return to office

WeWork Thinks It’s a Good Time to Be WeWork

Photo: Lindsey Nicholson/UCG/Universal Images Group via Getty Images

After a failed public offering and spectacular implosion that led to the resignation of perennially barefooted co-founder Adam Neumann, WeWork wants to be redeemed. With the rise of pandemic-era flex offices, the post-Neumann WeWork is reportedly seeing its chance to grow. When asked at a recent event about WeCrashed’s prestige take on his company’s collapse, new CEO Sandeep Mathrani said he was waiting for the sequel: “We Crushed It.” (Was WeCrushed taken?)

In the past, the company burned through cash to buy leases at above-market rates, pursuing a “growth at all costs” model that ultimately collapsed. The plan now, its executives say, is to move slowly. When asked by the Commercial Observer how fast it was expecting to grow, Peter Greenspan, the global head of real estate, deflected. “We do have some incredible locations in the pipeline that will be opening over the next year,” he said. “In addition to that, we have been working with landlords on various types of asset-light financial structures, which is really the way the industry is going to have to work going forward.” He added, “To give you a number today wouldn’t be responsible.”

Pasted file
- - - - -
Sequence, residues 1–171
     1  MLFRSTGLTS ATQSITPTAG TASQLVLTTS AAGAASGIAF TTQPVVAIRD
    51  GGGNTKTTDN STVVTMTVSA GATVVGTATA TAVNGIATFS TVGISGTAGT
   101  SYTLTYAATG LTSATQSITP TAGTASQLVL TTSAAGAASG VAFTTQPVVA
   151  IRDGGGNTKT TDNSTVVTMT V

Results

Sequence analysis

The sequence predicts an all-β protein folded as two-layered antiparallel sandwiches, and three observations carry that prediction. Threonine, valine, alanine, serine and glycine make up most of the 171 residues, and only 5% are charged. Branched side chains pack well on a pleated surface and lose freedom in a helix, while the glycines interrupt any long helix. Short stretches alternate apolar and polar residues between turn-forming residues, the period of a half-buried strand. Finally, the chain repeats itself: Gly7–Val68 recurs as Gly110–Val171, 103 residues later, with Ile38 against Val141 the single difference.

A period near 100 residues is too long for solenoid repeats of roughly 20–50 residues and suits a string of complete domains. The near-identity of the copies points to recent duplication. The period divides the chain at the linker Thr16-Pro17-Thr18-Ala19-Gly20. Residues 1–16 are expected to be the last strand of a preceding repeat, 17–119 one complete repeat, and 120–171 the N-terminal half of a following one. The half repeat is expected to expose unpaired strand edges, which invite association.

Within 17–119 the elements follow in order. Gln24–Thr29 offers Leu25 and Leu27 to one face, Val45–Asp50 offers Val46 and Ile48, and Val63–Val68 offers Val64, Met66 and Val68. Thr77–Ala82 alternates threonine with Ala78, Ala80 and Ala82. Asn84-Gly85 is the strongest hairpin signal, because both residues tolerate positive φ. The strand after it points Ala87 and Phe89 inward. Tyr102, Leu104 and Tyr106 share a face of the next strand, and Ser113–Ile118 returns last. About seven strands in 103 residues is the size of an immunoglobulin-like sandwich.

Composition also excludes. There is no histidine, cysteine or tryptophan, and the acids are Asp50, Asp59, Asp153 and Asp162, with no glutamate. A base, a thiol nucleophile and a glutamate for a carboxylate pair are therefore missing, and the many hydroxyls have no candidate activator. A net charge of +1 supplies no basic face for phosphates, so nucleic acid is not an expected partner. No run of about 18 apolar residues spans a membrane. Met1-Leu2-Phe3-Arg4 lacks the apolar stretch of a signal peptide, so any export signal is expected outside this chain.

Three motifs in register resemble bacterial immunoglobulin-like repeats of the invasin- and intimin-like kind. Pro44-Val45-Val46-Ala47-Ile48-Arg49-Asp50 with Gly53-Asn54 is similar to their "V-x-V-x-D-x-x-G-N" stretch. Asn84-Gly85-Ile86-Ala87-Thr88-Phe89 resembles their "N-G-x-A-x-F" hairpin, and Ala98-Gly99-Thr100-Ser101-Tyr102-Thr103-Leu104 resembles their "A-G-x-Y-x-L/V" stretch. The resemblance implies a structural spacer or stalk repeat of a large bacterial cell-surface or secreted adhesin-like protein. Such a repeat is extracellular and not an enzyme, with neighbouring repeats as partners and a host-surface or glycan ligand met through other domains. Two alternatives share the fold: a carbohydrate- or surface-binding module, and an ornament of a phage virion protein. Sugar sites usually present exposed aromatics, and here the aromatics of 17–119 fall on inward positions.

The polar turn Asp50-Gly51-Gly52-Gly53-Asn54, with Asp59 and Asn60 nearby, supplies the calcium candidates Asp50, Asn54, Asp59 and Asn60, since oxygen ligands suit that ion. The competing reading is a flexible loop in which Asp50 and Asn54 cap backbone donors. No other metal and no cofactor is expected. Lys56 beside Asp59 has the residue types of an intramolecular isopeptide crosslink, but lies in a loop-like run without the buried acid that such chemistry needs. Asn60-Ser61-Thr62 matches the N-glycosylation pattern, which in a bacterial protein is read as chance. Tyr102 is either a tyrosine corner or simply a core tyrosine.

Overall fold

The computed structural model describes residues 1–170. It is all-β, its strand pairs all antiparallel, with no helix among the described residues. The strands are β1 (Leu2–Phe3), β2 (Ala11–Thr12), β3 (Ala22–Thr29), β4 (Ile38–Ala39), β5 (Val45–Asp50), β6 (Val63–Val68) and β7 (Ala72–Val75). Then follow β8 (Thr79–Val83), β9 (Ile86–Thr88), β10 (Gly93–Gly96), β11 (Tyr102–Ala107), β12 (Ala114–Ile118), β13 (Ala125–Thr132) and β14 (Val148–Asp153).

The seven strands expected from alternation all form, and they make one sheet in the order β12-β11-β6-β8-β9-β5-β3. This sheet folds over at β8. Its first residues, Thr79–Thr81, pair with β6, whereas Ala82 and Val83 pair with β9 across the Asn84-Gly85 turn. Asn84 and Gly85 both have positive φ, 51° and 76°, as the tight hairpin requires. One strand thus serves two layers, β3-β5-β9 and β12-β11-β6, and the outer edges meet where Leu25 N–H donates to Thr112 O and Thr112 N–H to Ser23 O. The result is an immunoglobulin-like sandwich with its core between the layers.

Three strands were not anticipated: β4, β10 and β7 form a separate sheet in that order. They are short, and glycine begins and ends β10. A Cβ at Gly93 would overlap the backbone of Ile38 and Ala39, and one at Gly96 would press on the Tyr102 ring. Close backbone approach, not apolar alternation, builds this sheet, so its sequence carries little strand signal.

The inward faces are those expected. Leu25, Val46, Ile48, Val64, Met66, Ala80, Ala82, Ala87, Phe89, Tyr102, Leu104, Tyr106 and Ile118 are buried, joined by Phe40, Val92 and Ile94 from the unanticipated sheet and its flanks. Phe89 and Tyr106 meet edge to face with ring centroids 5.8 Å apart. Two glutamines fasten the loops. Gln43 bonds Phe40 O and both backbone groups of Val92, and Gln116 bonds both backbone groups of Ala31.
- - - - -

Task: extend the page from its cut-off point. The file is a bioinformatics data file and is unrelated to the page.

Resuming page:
It could work? Companies are still uncertain about their return-to-office plans, and WeWork could capitalize on the disarray. Start-ups are reportedly turning to WeWork for its “low-commitment” office spaces, and landlords are looking to make deals. Still, the company reported a $435 million loss in the first quarter of 2022, and it’s gone through three different CFOs in two years. It’s still WeWorking it out.

WeWork Thinks It’s a Good Time to be WeWork